As we approach the tenth anniversary of Hurricane Katrina, New Orleans’s groundbreaking and highly successful effort to replace its traditional-district-based system with a system of charters and choice deserves some attention.
But let’s begin by focusing on recent developments mostly outside of NOLA. It’s critical to appreciate that this shift (from a single government operator to an array of nonprofit operators) is happening in many other locations—and it’s being done well.
This very good July Politico article describes D.C.’s thriving charter sector. It’s educating nearly half of the city’s kids, serving a more disadvantaged population than the district, producing better academic results, and offering a diverse range of schools. On this last point, a fantastic new study by Michael McShane and Jenn Hatfield shows that chartering is producing a wide variety of schools in city after city (contra claims that charters are cookie-cutter).
A number of cities are showing that the charter sector is best able to reliably create and grow high-performing schools. NewSchools Venture Fund just released a short report on its Boston Charter School Replication Fund. It invested $12 million and helped double the size of the nation’s highest-performing charter sector. Funding supported new charter management organizations, expanded existing ones, and built pipelines of effective educators. Heaven only knows what more could have been accomplished for Boston’s low-income kids were it not for the state’s galling charter cap.
Because this sector has proven to be such a powerful tool for innovation, choice, and great results, subfields within K–12 are studying ways to use chartering. This “course choice” paper by the Foundation for Excellence in Education and Education Counsel shows how charters are playing a lead role in making varied, rigorous courses available to more students. Harvard professor Robert Schwartz has an idea for using charters to advance career and technical education. My Bellwether colleagues Sara Mead and Ashley LiBetti just authored a top-notch report on the intersection of chartering and early childhood education.
But the most interesting and difficult question is this: What must happen for chartering to become the system? In Detroit, district enrollment is 15 percent of its peak, and the charter sector is educating more than half the city’s kids. Detroit’s leaders are working to create a new overarching system. Some skeptics say chartering’s fatal flaw is that it inevitably fails to educate some students. But a new report on New York City charters finds that more charters are “backfilling” to serve the most at-risk kids.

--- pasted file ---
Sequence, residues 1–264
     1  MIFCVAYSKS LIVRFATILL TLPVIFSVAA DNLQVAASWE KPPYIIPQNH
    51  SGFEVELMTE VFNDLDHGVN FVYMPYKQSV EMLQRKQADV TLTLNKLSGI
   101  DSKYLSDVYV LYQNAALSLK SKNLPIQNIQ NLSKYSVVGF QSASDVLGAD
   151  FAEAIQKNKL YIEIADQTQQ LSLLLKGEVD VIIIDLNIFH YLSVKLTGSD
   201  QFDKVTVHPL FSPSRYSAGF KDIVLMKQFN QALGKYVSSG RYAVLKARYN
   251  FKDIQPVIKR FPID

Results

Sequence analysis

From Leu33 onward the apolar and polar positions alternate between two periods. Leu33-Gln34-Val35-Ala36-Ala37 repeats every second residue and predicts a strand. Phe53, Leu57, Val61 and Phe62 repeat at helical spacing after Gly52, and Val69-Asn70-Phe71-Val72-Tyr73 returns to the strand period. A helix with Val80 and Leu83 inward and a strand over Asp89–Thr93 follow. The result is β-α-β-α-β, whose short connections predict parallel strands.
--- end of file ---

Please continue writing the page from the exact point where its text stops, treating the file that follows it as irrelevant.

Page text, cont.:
A number of people have been forecasting the move away from the district-centered model and trying to figure out how to manage it. The Center on Reinventing Public Education has the portfolio district initiative. Paul Hill and Ashley Jochim wrote a terrific book recently on the public governance aspects. Joe Siedlecki is thinking about how the various components of the system fit together. Neerav Kingsland is discussing how such systems can evolve. Nelson Smith is studying state-run districts. I took a swing in “Wave of the Future,” “The Turnaround Fallacy,” and The Urban School System of the Future.
But let’s get back to NOLA. This city is showing that these ideas can be brought to life and dramatically improve student results. A brand-new report from New Schools for New Orleans and Public Impact describes the systemic changes and heartening gains. Three new articles in Education Next offer even more hope.
Anyone with equity concerns about the city’s reforms should read two recent pieces. This superb short report by Lake and Schnaiberg on special education in NOLA shows how a system of choice and autonomous schools can, if wisely organized, offer improved services to high-need kids. In a terrific white paper for the National Alliance for Public Charter Schools, Kingsland makes a compelling case that NOLA’s system of chartering, thanks to conscientious changes in policy and practice, is far fairer than the previous model.
We must remember, though, that despite this progress and the urban district’s half-century of failure, “district deference” is still a dominant theme among some practitioners, policymakers, and other observers. They still believe the district is the only real system, so they see everything through the district lens.
In a very good recent article, Richard Whitmire extols the virtues of high-performing high-poverty charters. But instead of pivoting to how chartering might become the system, he turns back to district reform. Similarly, this article explains that a new charter moratorium in Wilmington, Delaware, is the result of too many charters and the district’s need to catch its breath. Here, chartering isn’t seen as a slowly developing replacement system, but as an ancillary initiative that has become aggravating. This lingering mindset is as much a part of today’s state of play as the remarkable reforms taking place.
In the weeks ahead, we’re going to see lots written about NOLA’s reforms. We should celebrate the gains and address the shortcomings. But we should also remember that New Orleans is one chapter in a much bigger story about the remaking of American urban public schooling.